Yes, it's a telephone.
But not just any telephone: this is the Fuji-type phone which in 1935 started Fujitsu. Which is why it now has pride of place in the subterranean Technology Hall at the company's HQ in Kawasaki, which I visited a few days ago.
The company that phone created now has worldwide sales of over $50bn, and with an annual spend on R&D of almost $2.5bn.
After the Second World War, Fujitsu soon found itself moving into new fields, with the development of its first relay-driven computer, the FACOM (Fujitsu Automatic COMputer) 100 in 1954.
The machine in the Technology Hall is slightly more recent - it's a 1960 FACOM 138 - but it still works, the relays clattering as it does its thing.
The programming and storage in those days was impressive stuff, the machine chewing through large reels of punched paper.
By 1965, the company was linking up computers in the first online data system, and by 1975 it had Japan's first supercomputer, the FACOM-230-75 ARU.
More after the break
Personal computing has also played a major part in the Fujitsu story: this is a 1981 FMB, the first computer to use LSI RAM as its main memory. The capacity? A staggering 64KB - and note the audio cassette on the right used for programming.
As personal computers became popular, so salesmen wanted to take this awesome processing power on the road with them.
The 1985 FM16 weighed 2.9kg and was supplied in a case with a small thermal printer, used for printing out orders. On return to base, the data could be downloaded.
Fujitsu was also heavily involved in mobile phone development, and in the landline world also developed technology for the undersea cables used extensively in the age before sattelite communications, and still carrying much of the world's data.
This optical booster's designed to work at depths of 8000m, and used in the SEA-ME-WE4 cable. which runs from South East Asia, via the Middle East to Western Europe - hence the name.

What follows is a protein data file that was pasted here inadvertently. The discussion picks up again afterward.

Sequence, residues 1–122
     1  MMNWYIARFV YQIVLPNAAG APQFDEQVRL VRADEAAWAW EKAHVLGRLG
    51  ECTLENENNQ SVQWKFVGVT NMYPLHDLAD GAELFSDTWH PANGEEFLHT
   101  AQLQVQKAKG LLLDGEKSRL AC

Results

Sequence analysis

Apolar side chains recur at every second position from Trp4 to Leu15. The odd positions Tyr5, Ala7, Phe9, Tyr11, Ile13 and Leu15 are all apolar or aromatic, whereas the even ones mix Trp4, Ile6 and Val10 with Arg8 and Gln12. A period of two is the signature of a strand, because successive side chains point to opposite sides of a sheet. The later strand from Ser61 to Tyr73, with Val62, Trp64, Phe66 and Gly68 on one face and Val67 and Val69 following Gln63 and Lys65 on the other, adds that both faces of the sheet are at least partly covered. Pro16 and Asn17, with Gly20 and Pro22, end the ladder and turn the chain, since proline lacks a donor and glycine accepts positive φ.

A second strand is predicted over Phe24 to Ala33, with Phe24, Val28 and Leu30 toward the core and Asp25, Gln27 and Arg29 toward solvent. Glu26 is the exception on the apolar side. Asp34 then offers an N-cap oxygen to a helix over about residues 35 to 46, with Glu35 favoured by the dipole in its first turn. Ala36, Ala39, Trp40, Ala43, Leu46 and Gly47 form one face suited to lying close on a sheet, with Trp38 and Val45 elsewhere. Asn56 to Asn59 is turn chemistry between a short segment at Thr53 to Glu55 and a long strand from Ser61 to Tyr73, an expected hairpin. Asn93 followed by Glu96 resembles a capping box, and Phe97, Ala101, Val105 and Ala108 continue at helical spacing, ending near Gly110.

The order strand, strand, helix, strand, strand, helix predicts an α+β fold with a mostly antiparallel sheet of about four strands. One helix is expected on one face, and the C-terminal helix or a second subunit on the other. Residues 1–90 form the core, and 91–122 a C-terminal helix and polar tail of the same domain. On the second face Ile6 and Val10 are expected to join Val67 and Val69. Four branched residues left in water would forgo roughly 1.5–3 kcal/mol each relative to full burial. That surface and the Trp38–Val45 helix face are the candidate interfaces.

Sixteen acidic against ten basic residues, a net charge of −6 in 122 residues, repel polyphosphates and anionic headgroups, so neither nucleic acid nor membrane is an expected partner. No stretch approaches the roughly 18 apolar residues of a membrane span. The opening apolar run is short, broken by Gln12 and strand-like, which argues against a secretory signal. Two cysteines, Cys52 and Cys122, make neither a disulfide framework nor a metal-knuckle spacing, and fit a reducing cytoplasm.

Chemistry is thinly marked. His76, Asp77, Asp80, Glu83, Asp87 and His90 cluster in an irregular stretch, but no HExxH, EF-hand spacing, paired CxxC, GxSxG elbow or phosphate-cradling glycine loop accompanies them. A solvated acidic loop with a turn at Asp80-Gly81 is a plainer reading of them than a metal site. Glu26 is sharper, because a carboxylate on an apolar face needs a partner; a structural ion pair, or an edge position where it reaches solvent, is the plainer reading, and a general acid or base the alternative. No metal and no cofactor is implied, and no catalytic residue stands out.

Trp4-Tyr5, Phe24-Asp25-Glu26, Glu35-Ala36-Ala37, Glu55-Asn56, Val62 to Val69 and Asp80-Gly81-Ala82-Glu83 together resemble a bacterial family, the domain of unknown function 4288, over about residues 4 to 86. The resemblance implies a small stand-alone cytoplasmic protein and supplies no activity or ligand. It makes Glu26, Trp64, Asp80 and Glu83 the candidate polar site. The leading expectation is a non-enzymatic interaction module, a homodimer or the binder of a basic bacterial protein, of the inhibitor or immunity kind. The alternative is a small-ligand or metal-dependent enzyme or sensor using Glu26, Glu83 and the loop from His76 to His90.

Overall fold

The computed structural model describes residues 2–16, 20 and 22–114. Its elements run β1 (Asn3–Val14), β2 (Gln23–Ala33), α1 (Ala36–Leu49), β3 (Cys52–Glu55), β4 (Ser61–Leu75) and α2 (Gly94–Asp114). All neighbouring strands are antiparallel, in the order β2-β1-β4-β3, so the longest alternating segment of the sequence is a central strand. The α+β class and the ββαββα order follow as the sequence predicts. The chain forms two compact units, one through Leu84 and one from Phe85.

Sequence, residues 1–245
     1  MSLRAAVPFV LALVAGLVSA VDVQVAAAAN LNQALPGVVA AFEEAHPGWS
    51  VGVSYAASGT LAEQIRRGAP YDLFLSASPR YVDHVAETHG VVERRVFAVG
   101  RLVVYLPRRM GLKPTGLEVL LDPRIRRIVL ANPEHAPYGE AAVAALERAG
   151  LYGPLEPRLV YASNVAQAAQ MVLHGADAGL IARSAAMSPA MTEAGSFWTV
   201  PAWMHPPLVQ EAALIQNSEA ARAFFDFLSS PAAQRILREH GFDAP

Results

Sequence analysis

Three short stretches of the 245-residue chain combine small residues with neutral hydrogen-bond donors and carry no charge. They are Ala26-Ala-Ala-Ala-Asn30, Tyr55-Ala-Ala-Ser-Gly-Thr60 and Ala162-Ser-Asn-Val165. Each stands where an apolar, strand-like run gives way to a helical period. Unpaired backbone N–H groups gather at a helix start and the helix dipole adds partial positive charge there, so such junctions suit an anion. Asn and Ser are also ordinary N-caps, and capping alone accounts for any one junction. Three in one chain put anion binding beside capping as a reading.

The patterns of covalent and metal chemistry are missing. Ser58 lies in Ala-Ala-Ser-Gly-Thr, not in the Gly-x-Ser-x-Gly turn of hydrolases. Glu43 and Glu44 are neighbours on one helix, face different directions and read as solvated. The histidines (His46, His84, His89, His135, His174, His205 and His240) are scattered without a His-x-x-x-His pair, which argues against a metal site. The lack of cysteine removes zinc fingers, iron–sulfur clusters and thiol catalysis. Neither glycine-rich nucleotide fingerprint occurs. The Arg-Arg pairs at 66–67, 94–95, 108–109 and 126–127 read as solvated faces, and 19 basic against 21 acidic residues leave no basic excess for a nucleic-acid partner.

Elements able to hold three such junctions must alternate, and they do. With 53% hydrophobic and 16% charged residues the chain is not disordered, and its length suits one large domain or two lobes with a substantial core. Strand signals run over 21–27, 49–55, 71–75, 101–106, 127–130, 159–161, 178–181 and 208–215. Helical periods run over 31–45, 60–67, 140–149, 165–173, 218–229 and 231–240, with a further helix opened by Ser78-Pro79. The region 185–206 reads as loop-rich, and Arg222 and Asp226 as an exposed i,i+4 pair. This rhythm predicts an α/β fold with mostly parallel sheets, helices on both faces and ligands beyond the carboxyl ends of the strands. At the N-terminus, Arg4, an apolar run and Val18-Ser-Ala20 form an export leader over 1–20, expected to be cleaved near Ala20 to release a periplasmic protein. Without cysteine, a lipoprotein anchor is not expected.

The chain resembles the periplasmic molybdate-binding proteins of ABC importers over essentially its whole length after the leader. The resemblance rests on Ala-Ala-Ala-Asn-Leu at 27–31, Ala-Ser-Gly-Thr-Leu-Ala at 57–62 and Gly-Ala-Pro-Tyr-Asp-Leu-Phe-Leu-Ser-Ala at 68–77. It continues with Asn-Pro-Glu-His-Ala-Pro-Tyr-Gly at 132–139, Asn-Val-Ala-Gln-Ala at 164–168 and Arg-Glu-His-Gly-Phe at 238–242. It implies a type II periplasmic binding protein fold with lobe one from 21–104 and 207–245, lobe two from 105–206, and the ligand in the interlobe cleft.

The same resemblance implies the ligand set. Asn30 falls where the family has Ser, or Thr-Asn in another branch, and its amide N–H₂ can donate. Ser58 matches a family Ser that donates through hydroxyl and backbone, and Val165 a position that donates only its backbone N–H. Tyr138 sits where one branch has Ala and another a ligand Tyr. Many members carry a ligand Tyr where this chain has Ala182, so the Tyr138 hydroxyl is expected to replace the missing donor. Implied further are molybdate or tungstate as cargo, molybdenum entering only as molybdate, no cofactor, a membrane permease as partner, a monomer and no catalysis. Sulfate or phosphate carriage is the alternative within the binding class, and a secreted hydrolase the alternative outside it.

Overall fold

It can withstand a pressure of 800 atmospheres, the equivalent of supporting a Boeing 747 on the surface area of your two hands, and carries 8.8Tb/s.
Of course, Fujitsu is also known as the developer of the plasma TV, with a team under Tsutae Shinoda having developed the technology despite the company, along with rivals, being unimpressed with the short service life of early prototypes, and trying to discontinue research.
Shinoda, now known as 'Mr Plasma', continued his work, and in 1983 invented a three-electrode surface-discharge structure that overcame the observed short-life issue.
He also invented further vital technologies and successfully developed the world’s first practical video graphics array plasma display panel, a 21in model able to deliver 260,000 colours. He came up with the first 42in model in 1995, and one of the early screens is on show in the Technology Hall.
He's now Chairman of Shinoda Plasma, and also serves as a professor at Hiroshima University.
And Fujitsu's research continues to look into new ways of handling and displaying data - during my visit I was introduced to MIRACLES, which allows data to be searched in the internet by visual as well as text search.
The acronym stands for Multimedia Information RetrievAl, CLassification and Exploration System - and I can't help thinking the name came first and then the developers tortured the words to fit!
But what it does is impressive. It can analyse pictures on the internet and then classify them by shape, colour and so on, meaning it has obvious applications in, say, online shopping - 'Find me all the red handbags for sale', for example.
So what's that got to do with home cinema and the world we live in? Well, the system - which is already being used internally to search for and retrieve technical drawings - can also work with video.
And that means it could soon be classifying all the content stored on your computer, along with that out there on the internet, and allowing rapid search for that clip you wanted without you needing to know what it's called or even where it came from.